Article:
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AU - Chavulak, Jacinta

AU - Petrakis, Melissa

PY - 2016

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N2 - Abstract ContentRestrictive interventions, such as seclusion, are experienced by people experiencing an acute mental health crisis as traumatic, and counter to recovery.Objectives: To audit seclusion rates in one service in Melbourne, Australia, to investigate the use of seclusion, patient demographics, and opportunities to reduce seclusion use.Methods: A cohort of admissions were examined across a 12 month period in January – December in 2013. Electronic and paper records were accessed and audited for 655 admissions.Results: There were 198 seclusion events and 90 discreet patients who experienced seclusion. For those experiencing seclusion: two thirds were male; half were either homeless or had no fixed abode; 32% were case managed; and over 50% were unemployed or not in the workforce. The average time people experienced seclusion for was 12 hours, and the median and mode times were 4 hours.Conclusion: By understanding seclusion interventions better, changes can be made to enhance practice. This exploratory research into seclusion has clarified who is most likely to experience seclusion, why, for how long, and suggests ways social workers can be catalysts in important reforms to protect and enhance the rights and wellbeing of marginalised members of our communities at their most vulnerable.

AB - Abstract ContentRestrictive interventions, such as seclusion, are experienced by people experiencing an acute mental health crisis as traumatic, and counter to recovery.Objectives: To audit seclusion rates in one service in Melbourne, Australia, to investigate the use of seclusion, patient demographics, and opportunities to reduce seclusion use.Methods: A cohort of admissions were examined across a 12 month period in January – December in 2013. Electronic and paper records were accessed and audited for 655 admissions.Results: There were 198 seclusion events and 90 discreet patients who experienced seclusion. For those experiencing seclusion: two thirds were male; half were either homeless or had no fixed abode; 32% were case managed; and over 50% were unemployed or not in the workforce. The average time people experienced seclusion for was 12 hours, and the median and mode times were 4 hours.Conclusion: By understanding seclusion interventions better, changes can be made to enhance practice. This exploratory research into seclusion has clarified who is most likely to experience seclusion, why, for how long, and suggests ways social workers can be catalysts in important reforms to protect and enhance the rights and wellbeing of marginalised members of our communities at their most vulnerable.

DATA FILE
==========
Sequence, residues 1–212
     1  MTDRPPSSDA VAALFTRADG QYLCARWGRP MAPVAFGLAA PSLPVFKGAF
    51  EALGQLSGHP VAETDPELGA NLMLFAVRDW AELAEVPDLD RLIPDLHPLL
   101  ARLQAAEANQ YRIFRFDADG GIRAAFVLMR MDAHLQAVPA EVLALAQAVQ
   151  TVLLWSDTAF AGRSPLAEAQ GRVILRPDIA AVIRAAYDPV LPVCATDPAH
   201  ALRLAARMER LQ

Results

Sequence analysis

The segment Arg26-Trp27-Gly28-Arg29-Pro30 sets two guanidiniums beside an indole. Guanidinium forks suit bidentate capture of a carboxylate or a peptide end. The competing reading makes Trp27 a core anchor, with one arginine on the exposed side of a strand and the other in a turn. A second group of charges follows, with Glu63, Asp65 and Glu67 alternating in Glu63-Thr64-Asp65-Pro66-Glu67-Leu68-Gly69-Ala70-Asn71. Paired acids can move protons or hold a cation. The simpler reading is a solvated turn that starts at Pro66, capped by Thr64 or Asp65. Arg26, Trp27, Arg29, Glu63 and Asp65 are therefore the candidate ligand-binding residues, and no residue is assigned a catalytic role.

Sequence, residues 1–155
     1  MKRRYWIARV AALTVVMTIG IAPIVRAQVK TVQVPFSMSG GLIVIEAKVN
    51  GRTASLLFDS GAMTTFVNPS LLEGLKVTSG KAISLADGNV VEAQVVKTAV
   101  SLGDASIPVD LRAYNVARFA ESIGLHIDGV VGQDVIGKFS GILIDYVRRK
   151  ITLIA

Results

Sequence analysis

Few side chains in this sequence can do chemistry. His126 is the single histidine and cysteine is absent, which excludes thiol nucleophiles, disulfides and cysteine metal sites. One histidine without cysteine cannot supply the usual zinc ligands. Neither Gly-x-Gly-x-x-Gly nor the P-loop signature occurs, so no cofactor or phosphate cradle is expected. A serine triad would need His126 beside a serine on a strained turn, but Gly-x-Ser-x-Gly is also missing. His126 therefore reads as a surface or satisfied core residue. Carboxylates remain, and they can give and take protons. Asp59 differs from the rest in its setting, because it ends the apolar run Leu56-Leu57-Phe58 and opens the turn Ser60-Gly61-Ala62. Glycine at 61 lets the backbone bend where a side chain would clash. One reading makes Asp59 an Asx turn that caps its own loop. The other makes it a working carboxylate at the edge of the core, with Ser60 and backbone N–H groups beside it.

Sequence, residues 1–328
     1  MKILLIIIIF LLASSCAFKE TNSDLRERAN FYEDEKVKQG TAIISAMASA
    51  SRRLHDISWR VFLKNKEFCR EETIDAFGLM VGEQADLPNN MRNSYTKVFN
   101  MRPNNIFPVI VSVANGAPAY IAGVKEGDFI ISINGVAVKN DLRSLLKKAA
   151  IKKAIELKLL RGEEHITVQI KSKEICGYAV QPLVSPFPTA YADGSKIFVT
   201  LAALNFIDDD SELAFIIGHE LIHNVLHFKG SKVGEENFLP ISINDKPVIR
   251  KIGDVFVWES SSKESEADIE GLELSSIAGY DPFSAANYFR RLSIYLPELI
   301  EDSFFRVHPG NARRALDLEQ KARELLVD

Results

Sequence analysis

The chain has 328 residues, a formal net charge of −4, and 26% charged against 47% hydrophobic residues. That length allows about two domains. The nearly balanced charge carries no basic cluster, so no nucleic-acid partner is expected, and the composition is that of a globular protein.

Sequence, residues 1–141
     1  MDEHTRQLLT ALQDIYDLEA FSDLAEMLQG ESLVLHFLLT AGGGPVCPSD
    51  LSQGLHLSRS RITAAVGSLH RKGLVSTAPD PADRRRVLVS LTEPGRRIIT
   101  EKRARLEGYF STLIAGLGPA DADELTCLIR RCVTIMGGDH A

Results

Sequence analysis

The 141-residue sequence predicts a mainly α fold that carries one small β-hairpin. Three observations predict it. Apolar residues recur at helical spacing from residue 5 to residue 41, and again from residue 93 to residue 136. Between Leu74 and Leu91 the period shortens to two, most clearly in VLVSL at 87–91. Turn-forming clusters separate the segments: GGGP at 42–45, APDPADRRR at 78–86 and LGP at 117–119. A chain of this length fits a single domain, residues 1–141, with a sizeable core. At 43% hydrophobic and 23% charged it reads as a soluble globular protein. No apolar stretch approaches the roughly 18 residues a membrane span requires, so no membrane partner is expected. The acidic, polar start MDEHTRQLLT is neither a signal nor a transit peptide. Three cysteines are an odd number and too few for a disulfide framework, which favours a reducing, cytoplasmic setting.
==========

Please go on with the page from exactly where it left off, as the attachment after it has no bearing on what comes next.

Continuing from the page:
KW - Seclusion and restraint reduction

KW - MENTAL HEALTH

KW - Inpatient admission

KW - Inpatient psychiatry

KW - Co-design

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Chavulak J, Petrakis M. Exploring the potential for alternatives to seclusion in Acute In-patient Services. 2016. Abstract from 8th International Conference on Social Work in Health and Mental Health 2016, Singapore.